Photo by David, courtesy of Noun Project

The American Father’s Day began in Spokane, Washington, in 1910, with the daughter of a widow. When Sonora Smart Dodd heard a Mother’s Day sermon in church, she approached her pastor, believing that fathers like hers—a Civil War veteran and single father who had raised six children—deserved recognition, too.

Following the initial few years, Father’s Day was all but lost until Dodd returned to Spokane, once again promoting her holiday. Despite support by trade groups and the Father’s Day Council, Father’s Day was rejected by both the general public and Congress until 1966. President Richard Nixon signed the holiday into law in 1972.


Stumped on how to celebrate Dad today? Look no further! We’ve rounded up plenty of ideas to please dads of any age:

Cooking dinner for Dad? Whether you’re taking food to the grill or to the oven, get inspired with recipes from Food Network, Martha Stewart and AllRecipes.

Spending time with Dad may be the best gift of all, and if you’re stumped for activity ideas, Reader’s Digest and dole out suggestions on what to do.

Gift ideas: Not sure what to get Dad this year? NBC has a list of affordable gift ideas, while CNN has a list of practical gift suggestions. Yahoo! offers ideas for dads who “say they don’t want anything,” and Parade has a little something different: 100 Father’s Day messages, suggested for cards, text messages or as social media tags.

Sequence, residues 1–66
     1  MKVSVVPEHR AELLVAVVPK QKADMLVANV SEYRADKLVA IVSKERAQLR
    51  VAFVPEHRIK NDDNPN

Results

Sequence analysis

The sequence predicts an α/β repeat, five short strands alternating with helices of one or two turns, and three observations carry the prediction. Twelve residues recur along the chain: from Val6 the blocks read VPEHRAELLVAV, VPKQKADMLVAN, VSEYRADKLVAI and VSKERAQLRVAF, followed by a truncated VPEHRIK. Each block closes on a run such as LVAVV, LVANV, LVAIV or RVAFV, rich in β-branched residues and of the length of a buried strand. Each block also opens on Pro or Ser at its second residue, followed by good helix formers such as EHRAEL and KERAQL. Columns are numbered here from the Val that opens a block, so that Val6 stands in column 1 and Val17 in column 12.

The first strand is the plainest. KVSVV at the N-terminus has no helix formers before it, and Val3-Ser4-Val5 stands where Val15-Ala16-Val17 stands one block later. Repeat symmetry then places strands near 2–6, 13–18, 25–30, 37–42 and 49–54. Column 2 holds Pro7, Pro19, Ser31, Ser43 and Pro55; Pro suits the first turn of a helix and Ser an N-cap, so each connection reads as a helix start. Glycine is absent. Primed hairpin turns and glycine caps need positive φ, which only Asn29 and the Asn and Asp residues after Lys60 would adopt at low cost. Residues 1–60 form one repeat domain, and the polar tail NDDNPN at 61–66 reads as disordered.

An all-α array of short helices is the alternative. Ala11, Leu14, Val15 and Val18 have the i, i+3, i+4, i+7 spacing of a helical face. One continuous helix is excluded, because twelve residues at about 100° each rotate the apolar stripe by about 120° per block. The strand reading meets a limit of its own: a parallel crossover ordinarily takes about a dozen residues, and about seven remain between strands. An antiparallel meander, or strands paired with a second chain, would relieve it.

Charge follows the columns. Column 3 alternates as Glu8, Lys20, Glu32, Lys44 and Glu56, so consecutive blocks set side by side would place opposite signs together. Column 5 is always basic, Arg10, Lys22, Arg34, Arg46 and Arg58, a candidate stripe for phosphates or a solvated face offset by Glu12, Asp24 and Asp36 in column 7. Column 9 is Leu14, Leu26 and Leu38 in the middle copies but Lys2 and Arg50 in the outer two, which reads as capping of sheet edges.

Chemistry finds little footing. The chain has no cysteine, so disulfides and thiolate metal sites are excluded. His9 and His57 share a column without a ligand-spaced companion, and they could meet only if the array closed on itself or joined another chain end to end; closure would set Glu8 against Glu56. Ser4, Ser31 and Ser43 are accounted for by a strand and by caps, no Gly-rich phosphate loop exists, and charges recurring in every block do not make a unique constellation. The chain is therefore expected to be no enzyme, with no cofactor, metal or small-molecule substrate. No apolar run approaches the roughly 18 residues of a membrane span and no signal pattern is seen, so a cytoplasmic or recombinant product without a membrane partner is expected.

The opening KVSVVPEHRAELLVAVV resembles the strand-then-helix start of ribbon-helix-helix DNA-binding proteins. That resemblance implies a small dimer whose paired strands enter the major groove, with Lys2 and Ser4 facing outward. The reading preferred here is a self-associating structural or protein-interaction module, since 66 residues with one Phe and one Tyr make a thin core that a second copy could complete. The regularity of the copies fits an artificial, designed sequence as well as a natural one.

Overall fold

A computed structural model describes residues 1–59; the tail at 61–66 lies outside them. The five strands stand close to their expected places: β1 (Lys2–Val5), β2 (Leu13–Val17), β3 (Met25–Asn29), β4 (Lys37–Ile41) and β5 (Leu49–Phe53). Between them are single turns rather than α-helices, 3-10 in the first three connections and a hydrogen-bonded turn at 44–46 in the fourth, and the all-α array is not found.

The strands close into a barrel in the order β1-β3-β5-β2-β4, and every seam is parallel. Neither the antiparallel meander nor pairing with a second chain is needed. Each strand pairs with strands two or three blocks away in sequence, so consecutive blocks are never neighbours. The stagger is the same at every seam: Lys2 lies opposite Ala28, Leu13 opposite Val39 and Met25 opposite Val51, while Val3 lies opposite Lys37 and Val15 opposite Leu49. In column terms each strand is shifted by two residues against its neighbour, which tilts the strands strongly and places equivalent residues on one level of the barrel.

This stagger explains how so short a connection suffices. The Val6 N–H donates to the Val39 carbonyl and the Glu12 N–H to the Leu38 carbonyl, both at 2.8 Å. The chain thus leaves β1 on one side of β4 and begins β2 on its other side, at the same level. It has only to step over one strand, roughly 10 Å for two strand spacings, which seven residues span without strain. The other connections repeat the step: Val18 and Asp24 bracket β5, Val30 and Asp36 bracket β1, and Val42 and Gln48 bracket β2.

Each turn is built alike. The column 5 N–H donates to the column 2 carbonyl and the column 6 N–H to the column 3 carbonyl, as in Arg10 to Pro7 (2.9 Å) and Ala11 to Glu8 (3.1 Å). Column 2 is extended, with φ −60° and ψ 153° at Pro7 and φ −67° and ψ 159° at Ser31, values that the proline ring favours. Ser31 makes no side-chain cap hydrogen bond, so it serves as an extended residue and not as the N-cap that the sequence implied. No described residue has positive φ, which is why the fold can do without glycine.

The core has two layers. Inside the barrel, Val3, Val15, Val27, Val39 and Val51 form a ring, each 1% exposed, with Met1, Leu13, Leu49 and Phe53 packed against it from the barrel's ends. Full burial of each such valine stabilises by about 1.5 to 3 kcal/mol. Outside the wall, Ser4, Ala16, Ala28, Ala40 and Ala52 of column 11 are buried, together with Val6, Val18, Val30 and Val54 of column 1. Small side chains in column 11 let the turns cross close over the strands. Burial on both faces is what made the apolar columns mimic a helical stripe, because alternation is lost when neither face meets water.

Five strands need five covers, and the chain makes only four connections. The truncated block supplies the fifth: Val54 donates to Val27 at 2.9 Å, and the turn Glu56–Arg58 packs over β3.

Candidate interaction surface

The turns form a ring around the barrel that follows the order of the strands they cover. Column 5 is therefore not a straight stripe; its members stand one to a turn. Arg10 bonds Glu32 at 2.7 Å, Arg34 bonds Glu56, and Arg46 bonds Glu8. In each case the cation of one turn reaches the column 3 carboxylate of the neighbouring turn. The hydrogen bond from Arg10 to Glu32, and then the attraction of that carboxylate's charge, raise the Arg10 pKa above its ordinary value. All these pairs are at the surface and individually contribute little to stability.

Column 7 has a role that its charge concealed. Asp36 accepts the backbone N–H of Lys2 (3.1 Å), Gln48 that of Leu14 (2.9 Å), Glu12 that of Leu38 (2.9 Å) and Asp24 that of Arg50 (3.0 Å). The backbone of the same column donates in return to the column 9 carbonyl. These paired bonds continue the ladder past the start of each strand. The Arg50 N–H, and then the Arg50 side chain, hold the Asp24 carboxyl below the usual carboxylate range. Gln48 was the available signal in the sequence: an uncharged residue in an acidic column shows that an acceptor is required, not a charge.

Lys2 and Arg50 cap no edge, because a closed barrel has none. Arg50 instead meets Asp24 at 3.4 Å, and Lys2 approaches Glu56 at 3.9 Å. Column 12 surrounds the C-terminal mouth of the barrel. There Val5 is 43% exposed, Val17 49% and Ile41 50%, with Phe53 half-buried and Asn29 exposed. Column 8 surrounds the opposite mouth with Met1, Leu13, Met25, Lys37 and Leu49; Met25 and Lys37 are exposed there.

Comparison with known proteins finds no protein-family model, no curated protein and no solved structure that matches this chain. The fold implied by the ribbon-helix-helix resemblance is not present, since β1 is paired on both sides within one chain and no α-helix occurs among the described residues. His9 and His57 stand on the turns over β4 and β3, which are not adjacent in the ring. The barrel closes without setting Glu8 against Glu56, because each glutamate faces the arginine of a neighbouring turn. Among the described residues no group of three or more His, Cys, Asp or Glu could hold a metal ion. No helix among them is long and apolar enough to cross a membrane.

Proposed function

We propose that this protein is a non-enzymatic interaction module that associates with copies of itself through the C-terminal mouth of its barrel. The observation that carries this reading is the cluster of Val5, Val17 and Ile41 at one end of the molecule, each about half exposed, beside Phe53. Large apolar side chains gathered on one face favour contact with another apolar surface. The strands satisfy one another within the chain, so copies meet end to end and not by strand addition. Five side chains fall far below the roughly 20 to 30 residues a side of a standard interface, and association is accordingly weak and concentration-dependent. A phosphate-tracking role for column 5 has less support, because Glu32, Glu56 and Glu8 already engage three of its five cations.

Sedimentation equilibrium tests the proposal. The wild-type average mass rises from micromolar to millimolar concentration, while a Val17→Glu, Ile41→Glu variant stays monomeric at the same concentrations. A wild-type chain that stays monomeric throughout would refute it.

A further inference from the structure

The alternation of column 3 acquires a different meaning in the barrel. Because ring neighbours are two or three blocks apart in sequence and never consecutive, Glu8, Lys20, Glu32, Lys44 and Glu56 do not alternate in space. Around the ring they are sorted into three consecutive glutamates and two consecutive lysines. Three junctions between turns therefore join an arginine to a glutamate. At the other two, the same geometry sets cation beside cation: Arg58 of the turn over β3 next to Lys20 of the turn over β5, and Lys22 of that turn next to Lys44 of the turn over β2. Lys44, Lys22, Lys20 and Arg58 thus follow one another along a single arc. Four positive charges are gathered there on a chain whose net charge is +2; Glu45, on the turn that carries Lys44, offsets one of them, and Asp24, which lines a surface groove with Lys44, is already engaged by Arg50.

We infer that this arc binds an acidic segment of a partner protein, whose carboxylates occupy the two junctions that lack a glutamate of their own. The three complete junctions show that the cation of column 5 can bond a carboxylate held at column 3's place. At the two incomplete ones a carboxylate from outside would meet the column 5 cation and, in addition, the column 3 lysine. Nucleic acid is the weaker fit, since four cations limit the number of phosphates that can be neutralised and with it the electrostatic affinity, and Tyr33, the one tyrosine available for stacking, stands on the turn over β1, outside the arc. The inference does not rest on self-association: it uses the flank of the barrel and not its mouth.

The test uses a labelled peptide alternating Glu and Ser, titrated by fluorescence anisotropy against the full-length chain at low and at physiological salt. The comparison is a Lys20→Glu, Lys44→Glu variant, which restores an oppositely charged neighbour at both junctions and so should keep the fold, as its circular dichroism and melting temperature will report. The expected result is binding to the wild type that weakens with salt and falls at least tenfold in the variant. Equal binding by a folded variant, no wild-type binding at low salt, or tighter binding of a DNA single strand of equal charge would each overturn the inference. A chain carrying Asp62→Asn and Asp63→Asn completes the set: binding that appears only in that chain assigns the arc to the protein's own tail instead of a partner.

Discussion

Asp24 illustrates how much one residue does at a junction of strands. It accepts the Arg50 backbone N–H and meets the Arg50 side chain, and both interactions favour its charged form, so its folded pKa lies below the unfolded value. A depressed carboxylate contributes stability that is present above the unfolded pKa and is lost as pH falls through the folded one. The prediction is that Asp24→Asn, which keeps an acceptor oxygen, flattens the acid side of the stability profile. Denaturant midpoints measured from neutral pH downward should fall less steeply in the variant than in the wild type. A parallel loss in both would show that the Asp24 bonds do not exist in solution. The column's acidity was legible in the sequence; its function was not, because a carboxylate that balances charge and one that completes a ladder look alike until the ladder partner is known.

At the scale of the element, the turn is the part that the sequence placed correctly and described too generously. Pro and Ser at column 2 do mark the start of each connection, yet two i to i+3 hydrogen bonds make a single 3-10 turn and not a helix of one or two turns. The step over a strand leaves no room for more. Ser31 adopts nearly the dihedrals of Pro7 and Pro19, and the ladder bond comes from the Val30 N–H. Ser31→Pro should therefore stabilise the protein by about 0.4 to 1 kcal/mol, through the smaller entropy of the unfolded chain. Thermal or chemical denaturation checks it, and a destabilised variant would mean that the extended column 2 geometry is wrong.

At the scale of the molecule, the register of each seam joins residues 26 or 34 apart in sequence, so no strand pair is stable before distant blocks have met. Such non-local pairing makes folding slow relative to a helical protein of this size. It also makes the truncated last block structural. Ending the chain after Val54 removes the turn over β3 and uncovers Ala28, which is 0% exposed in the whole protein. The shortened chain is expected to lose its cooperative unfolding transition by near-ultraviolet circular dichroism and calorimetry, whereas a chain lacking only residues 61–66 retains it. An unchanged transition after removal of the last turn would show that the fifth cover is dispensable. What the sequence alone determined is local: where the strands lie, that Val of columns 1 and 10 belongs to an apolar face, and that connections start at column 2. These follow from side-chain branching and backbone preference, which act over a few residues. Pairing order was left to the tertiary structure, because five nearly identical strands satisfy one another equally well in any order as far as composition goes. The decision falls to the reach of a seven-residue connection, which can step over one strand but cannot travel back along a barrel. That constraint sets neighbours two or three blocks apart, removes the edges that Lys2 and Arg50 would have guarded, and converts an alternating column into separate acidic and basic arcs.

From the Kids: Young children can craft gifts, cards and more with ideas from here.

Martyrdom of Guru Arjan Dev Sahib: Sikhs recall guru of justice, faith

Sikh man portrait

A Sikh man. Photo by theharpreetbatish, courtesy of Flickr

WEDNESDAY, JUNE 16: The tragic death of a Sikh spiritual leader, centuries ago, forever shaped Sikh spiritual culture: On this day, Sikhs recall how Guru Arjan Dev died under orders of the Emperor Jahangir in a courageous defense of justice.